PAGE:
Dance to (make) the music!

Video Demo:

My final project for CS50x was a python-based application that used computer vision to dynamically generate sound based on the camera subject’s movements.

How it looks


The GUI, which is relatively simple, uses the tkinter package. The GUI is used to display the camera’s output, as well as including a selector widget to modify the MIDI instrument being used to render the sounds (which required a simple interrupt function to be written) and a slider widget to adjust the sensitivity of the percussion to the subject’s wrist motions, as well as a stop button to end the program and free the camera and virtual MIDI device. Rather than using the more traditional tkinter-based loop, the window is updated and parameters are polled during a loop controlled by the camera’s acquisition process.

The Sounds

The sounds are generated using the program “fluidsynth,” and specifically a python wrapper named pyfluidsynth found in the “mingus” package. Fluidsynth itself is a c-based program for control of a virtual midi device, implementing essentially all of the MIDI standard options. Not all controls were ported into the pyfluidsynth wrapper; for this project, I needed to adjust the “pitch wheel sensitivity,” to allow the program to “bend” the tone of notes over a much larger range than is typical. Although this is doable in fluidsynth, it had not been added to the pyfluidsynth wrapper. Luckily, examining the library’s code showed that it was just wrapping the base fluidsynth commands in a cfunc wrapper, so with minimal effort I was able to manually add that command to the pyfluidsynth module, allowing me to access the pitch wheel sensitivity command of fluidsynth. I also had to include a command-line execution to link the fluidsynth process to the system sound; this is probably specific to linux.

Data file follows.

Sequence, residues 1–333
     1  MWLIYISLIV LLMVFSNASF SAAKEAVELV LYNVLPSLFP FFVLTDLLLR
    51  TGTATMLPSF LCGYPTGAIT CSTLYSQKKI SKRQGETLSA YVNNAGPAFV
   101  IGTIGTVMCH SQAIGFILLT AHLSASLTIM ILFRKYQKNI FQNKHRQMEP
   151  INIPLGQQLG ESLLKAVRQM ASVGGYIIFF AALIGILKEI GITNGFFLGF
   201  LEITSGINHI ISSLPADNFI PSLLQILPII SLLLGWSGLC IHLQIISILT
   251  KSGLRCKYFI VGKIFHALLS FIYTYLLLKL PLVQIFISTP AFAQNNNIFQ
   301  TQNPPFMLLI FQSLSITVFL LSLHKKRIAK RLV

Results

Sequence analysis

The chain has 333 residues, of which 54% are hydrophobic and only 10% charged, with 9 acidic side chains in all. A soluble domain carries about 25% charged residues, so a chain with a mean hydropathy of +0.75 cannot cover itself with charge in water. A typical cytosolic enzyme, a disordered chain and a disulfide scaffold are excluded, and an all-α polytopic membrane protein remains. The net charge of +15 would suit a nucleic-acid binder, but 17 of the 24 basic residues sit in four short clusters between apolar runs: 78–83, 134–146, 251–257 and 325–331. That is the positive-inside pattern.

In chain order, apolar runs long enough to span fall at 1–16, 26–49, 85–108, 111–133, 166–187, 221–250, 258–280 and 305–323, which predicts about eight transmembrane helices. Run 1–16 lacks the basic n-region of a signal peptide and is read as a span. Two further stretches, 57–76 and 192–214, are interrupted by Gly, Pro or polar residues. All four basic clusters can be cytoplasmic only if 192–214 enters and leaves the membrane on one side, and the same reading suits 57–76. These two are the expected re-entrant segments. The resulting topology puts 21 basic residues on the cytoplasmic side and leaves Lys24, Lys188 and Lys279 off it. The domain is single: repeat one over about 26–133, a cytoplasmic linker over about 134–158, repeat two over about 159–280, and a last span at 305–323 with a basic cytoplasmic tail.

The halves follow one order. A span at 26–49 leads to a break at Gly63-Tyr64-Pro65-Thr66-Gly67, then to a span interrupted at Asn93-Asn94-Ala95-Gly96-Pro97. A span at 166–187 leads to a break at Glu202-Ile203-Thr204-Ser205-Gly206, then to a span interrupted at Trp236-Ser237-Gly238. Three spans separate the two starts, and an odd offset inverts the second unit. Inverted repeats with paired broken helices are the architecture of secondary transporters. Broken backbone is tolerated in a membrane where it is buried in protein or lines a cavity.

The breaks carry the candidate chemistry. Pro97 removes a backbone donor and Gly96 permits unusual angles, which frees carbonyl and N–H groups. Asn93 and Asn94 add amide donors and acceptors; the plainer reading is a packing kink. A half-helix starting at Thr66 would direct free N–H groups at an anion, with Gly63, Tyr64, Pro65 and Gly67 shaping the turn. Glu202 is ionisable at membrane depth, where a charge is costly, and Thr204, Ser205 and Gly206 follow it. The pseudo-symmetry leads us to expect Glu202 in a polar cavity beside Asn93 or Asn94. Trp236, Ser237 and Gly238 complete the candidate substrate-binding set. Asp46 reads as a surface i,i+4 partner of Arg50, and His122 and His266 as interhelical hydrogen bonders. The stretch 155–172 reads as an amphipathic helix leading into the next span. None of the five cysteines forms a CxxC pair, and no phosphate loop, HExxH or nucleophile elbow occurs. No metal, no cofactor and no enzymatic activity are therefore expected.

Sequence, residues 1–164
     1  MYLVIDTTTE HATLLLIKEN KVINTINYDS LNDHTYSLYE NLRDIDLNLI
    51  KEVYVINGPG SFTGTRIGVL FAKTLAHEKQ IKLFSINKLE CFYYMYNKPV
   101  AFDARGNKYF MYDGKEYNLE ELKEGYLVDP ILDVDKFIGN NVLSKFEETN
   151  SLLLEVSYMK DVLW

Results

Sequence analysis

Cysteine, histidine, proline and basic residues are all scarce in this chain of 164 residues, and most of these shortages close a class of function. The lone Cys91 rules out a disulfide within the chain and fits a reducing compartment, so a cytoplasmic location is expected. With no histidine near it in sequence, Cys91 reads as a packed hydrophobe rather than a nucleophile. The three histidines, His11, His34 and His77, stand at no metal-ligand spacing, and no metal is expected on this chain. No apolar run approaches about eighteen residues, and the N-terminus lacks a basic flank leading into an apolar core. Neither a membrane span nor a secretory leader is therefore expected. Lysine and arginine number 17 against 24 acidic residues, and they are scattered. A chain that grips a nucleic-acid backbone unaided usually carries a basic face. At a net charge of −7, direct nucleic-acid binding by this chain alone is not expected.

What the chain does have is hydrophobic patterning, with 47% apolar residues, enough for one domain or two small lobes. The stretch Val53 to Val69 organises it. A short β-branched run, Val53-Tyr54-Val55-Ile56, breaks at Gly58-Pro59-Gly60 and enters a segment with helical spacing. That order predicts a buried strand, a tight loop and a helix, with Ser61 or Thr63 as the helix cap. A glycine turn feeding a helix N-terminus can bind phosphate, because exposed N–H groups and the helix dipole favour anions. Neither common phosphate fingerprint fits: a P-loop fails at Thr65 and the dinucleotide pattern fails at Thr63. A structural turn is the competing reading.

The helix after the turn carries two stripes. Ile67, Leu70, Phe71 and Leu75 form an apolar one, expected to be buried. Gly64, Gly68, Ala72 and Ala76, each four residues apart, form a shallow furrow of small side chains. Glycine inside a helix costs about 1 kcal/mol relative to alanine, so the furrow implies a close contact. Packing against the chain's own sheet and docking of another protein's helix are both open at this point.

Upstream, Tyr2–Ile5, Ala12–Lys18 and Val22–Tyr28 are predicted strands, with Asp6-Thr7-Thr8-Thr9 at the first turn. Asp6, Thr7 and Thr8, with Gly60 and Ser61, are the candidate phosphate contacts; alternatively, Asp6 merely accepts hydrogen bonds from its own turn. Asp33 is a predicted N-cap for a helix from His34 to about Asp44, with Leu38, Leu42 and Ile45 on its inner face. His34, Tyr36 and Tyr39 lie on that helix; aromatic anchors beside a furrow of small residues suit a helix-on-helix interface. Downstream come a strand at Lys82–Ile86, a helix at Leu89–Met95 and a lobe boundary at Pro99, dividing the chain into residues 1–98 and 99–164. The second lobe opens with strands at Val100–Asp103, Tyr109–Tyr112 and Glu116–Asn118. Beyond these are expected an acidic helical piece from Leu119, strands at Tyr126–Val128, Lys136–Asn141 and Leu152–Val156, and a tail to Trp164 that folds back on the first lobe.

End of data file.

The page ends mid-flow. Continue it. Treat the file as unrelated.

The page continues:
The Computer Vision

The camera’s captured image is processed through mediapipe’s pose estimator. Mediapipe is an incredibly sophisticated package of pre-trained neural networks, created by Google, for computer vision problems. One of the sub-modules available is a pose estimator, which finds an estimate of a human pose in an image and returns the coordinates of different body parts such as the shoulders, eyes, wrists, fingers, etc. Although this is by far the most sophisticated part of the code, the package makes everything simple: I could essentially modify their simplest tutorial to get the behavior I wanted. The performance, even on my computer and without using a GPU, is genuinely baffling. I have no idea how they’ve done such a good job. The mediapipe pose estimate and the camera’s output are drawn onto the tkinter window.

The Kalman Filter